Lena Dunham: Putting things into perspective (two articles to be read, back to back)
2016/11/15 § Leave a comment
I cannot believe what I’m reading.
Lena Dunham (creator, writer, and actor of Girls fame) has written a brief retrospective on the election results. In it she explores her thoughts and excitement leading up to the event, of one very big foregone conclusion. Her excitement was uncontainable: “I had dreamed about it every night for the last two weeks” and she was certain, beyond a shadow of a doubt, that Hillary Clinton would be voted into office, because “as horrifying as I found Donald Trump’s rhetoric, as hideous as I found his racism and xenophobia, as threatening to basic decency as I found his demagogue persona, I never truly believed he could win.” As she put it:
I’d been traveling the country for the last few weeks, in swing states like North Carolina and Colorado. While I’d dealt with a few irritating email questions (those fucking emails, as if they were a worthy corollary to fraud and sexual assault), the resolve and passion of students, many of whom had made their way over from the Bernie Sanders campaign, gave me a sense of hope that got me downright high. I didn’t see how with faces this bright, diverse, wise, and passionate anything but the best — the only — result could prevail.
Dunham goes on to describe the shock – as well as the horror – she felt upon realizing that Donald Trump had won the election. She asked her boyfriend if they could leave, adding that “I could tell he was having trouble breathing, and I could feel my chin breaking into hives.” After leaving the convention center, they stopped into a diner, noting that “No one was speaking as they ate, no one in the whole place.”
Imagine that: an entire city basking in sadness, mourning the loss of truth prevailing. As one who lives in Portland, Oregon (a city that prides itself in its progressive character), I can imagine what this would have looked like. At this very moment, our city is going through a sort of liberal mourning. Protests are being had, property is being broken. And especially, on social media and in venues where individuals may quickly and efficiently articulate a point, the disaster of the present election is being shouted from the rooftops. People say they feel unsafe and that their livelihoods are at stake, as well as their personal freedoms. I can sympathize with their suffering. The racial and hateful lashing out is real. But in no uncertain terms, this is not all that is happening. And this is part of the problem with Dunham’s narrative: it is not completely reflective of what is actually going on, as a whole.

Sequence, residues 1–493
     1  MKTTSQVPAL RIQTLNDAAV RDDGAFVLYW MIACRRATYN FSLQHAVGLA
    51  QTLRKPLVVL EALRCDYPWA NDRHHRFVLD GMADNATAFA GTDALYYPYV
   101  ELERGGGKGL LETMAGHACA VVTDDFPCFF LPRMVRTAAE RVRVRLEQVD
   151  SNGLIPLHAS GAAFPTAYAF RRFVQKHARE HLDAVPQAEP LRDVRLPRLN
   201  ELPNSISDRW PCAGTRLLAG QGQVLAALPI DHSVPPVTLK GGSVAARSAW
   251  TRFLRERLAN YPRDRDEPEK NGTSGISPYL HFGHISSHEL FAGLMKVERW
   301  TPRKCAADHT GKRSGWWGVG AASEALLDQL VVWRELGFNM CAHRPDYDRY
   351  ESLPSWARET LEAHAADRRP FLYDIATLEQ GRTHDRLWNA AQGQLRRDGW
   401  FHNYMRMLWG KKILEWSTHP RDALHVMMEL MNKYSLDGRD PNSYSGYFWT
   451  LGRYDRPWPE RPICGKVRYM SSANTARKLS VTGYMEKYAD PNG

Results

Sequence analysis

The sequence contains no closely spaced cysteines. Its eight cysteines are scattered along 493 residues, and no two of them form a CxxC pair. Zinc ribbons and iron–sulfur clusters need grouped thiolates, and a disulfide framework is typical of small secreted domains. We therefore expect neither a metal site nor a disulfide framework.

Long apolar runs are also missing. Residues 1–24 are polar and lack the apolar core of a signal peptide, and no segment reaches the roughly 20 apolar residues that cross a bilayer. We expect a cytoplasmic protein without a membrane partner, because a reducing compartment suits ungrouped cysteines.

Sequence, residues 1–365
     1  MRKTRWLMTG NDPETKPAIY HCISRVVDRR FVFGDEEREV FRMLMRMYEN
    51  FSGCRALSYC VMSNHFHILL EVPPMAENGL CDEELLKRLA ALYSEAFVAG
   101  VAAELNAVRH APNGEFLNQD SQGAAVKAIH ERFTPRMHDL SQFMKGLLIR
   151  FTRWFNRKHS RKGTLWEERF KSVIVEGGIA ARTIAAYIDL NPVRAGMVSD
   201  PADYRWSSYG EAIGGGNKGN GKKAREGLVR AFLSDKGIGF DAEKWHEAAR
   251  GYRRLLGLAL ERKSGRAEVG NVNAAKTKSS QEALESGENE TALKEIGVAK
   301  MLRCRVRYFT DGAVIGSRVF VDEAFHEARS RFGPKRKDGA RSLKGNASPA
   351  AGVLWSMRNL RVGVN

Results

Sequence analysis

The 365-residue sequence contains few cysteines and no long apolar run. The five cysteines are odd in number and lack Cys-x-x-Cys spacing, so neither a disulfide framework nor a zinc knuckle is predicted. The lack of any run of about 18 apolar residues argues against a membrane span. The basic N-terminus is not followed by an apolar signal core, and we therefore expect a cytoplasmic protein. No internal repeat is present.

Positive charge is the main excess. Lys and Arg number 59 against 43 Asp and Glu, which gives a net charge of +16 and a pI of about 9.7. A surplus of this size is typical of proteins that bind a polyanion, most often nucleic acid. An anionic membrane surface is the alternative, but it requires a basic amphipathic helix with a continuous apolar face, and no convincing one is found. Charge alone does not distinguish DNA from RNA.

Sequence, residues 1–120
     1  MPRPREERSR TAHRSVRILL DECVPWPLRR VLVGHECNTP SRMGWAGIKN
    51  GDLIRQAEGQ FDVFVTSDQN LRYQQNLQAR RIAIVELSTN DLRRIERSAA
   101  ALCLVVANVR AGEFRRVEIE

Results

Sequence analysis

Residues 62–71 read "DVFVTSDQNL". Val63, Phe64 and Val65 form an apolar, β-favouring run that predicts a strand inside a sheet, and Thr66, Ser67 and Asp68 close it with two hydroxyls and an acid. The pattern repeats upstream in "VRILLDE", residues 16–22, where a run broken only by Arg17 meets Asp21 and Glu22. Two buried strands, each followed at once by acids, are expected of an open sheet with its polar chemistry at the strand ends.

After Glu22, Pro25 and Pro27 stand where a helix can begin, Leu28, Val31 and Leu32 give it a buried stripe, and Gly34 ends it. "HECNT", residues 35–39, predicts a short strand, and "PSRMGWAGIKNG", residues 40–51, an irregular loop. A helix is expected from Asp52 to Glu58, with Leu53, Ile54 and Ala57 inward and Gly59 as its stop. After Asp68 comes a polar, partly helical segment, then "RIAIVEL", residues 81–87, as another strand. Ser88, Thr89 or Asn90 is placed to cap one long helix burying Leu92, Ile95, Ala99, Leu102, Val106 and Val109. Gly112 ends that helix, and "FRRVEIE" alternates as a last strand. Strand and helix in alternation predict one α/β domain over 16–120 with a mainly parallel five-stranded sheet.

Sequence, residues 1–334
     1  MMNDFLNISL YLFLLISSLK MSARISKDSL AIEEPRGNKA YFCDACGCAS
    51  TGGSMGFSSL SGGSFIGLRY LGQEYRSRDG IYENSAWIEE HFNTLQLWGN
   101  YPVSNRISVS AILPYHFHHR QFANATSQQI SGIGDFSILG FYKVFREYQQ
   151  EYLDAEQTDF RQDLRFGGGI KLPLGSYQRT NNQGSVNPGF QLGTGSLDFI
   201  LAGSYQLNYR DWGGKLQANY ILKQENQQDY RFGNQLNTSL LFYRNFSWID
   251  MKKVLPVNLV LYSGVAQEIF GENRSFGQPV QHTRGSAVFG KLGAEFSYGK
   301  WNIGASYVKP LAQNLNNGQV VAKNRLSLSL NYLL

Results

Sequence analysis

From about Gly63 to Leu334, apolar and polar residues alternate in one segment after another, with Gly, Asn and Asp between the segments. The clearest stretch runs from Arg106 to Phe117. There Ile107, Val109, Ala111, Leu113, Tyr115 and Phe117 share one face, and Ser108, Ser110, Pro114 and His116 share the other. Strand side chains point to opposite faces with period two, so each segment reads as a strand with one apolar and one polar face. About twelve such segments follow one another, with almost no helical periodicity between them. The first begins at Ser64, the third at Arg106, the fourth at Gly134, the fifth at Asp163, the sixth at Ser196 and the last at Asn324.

Frank Bruni reflects on this in The New York Times and engages in some deep soul searching:
From the presidential race on down, Democrats adopted a strategy of inclusiveness that excluded a hefty share of Americans and consigned many to a “basket of deplorables” who aren’t all deplorable. Some are hurt. Some are confused.
Liberals miss this by being illiberal. They shame not just the racists and sexists who deserve it but all who disagree. A 64-year-old Southern woman not onboard with marriage equality finds herself characterized as a hateful boob. Never mind that Barack Obama and Hillary Clinton weren’t themselves onboard just five short years ago.
Political correctness has morphed into a moral purity that may feel exhilarating but isn’t remotely tactical. It’s a handmaiden to smugness and sanctimony, undermining its own goals.[…]Donald Trump’s victory and some of the, yes, deplorable chants that accompanied it do not mean that a majority of Americans are irredeemable bigots (though too many indeed are). Plenty of Trump voters chose him, reluctantly, to be an agent of disruption, which they craved keenly enough to overlook the rest of him.
This is the sort of reflection that strikes me as sensible. Furthermore, Dunham’s article makes it sound as if she is taking part in some sort of martyrdom, which is completely false. But she and those around her, they know what is actually going on, and they will not give up because, after all, Donald Trump only won the election.
But we kept going, thinking these were the dying moans of the dragon known as the patriarchy being stabbed again and again in the stomach. We believed that on November 9, they’d be licking their wounds while we celebrated. It is painful on a cellular level knowing those men got what they wanted, just as it’s painful to know you are hated for daring to ask for what is yours. It’s painful to know that white women, so unable to see the unity of female identity, so unable to look past their violent privilege, and so inoculated with hate for themselves, showed up to the polls for him, too. My voice was literally lost when I woke up, squeaky and raw, and I ached in the places that make me a woman, the places where I’ve been grabbed so carelessly, the places we are struggling to call our own.